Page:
Christopher Bruell, "Strauss on Xenophon's Socrates," The Political Science Reviewer, Fall 1983.
The following study of Professor Leo Strauss’s writings on Xenophon’s presentation of Socrates will be devoted chiefly to a discussion of his interpretation of the Oeconomicus. A word is therefore in order about this choice and about the form the discussion will take.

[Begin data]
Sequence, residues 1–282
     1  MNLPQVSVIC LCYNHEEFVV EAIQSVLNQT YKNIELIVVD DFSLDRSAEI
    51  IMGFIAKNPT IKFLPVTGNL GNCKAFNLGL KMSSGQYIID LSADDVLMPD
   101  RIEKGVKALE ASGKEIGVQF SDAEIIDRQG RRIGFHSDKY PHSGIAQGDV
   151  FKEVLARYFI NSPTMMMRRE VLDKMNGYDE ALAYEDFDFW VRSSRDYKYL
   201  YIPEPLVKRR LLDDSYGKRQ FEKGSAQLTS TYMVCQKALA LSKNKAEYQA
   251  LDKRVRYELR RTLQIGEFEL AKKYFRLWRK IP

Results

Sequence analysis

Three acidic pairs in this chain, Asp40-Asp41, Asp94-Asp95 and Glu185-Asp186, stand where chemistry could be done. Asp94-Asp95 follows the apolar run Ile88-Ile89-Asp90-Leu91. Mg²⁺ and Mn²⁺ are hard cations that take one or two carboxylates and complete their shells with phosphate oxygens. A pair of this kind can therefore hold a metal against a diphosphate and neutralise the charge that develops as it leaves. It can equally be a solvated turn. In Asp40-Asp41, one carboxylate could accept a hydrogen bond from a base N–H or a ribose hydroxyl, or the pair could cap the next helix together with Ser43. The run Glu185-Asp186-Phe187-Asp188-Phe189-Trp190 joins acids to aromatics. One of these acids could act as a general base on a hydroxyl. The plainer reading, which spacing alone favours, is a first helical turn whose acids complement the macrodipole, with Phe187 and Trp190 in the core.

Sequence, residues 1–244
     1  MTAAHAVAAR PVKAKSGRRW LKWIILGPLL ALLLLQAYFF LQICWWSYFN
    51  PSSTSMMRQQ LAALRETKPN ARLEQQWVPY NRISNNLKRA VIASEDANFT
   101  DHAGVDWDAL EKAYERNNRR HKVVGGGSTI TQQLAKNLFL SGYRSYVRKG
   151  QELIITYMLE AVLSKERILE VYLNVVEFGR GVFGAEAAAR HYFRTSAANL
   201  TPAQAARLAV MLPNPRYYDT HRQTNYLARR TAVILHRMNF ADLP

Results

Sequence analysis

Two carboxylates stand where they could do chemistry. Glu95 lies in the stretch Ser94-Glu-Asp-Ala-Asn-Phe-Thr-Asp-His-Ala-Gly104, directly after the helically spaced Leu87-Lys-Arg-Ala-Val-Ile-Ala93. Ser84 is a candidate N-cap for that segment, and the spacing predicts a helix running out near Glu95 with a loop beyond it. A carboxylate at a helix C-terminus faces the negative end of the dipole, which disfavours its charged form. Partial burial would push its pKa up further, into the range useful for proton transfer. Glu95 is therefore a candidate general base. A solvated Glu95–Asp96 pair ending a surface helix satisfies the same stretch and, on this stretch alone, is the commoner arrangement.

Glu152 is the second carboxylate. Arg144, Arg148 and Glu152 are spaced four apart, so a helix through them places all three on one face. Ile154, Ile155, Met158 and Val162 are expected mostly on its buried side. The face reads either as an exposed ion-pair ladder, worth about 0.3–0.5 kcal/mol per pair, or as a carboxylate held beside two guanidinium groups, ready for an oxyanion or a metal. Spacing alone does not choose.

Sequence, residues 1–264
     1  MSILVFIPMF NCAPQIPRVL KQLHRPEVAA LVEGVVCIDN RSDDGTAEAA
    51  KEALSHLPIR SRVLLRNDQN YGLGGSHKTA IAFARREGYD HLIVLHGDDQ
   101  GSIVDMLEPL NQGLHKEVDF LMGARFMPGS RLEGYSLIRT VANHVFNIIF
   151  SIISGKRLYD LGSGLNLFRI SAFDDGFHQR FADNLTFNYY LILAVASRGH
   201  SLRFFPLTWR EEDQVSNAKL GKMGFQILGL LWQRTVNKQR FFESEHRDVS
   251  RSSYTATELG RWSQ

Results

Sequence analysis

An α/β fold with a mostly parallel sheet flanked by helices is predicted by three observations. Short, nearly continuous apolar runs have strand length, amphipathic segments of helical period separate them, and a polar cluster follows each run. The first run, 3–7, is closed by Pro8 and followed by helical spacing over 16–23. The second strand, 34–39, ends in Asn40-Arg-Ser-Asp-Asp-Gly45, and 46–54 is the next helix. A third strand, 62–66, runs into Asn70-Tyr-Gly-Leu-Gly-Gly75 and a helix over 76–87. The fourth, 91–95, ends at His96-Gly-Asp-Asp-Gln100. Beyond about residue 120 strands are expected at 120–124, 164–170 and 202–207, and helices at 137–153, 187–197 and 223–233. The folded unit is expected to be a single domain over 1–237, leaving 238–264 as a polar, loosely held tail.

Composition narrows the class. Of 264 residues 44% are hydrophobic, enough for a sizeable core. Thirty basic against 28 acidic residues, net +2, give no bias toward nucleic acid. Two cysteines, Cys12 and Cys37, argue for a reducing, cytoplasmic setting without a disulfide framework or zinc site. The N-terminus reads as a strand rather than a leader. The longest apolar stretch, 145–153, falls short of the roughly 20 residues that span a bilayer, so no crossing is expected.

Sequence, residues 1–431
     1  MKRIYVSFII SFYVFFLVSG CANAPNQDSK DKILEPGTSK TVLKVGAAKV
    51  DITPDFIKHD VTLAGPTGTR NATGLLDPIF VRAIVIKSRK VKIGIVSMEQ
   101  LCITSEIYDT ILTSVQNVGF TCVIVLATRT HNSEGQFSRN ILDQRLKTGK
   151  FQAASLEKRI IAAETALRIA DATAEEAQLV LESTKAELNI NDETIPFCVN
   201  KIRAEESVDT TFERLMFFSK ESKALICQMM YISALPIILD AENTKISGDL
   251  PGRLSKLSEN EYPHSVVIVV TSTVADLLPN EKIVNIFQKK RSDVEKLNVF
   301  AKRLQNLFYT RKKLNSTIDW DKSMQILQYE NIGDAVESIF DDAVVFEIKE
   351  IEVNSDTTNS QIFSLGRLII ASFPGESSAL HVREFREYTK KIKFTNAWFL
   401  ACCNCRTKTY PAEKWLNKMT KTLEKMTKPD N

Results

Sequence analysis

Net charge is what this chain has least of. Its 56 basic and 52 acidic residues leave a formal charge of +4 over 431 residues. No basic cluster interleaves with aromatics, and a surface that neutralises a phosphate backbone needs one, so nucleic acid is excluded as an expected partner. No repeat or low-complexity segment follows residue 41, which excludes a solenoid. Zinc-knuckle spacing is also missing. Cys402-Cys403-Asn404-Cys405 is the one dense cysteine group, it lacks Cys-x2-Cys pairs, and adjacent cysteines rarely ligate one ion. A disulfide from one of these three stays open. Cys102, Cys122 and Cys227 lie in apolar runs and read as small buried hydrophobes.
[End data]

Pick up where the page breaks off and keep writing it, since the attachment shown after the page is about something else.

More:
In On Tyranny, his study of Xenophon’s Hiero, Strauss wrote, “The charm produced by Xenophon’s unobtrusive art is destroyed, at least for a moment, if that art is made obtrusive by the interpretation. . . . One can only hope that the time will again come when Xenophon’s art will be understood by a generation which, properly trained in their youth, will no longer need cumbersome introductions like the present study” (27, revised edition). Strauss did not say that in the hoped for time introductions as such would no longer be needed: after all, training is not everything. The words we have quoted first appeared in 1948. Twenty-two years later, Strauss published his Xenophon’s Socratic Discourse: An Interpretation of the Oeconomicus and, two years after that, Xenophon’s Socrates, (Ithaca: Cornell University Press), the work with which, “I complete my interpretation of Xenophon’s Socratic writings” (Preface). Perhaps these two books, the last books which Strauss published in his lifetime, are his gift to the generation for whose training he is in some sense responsible.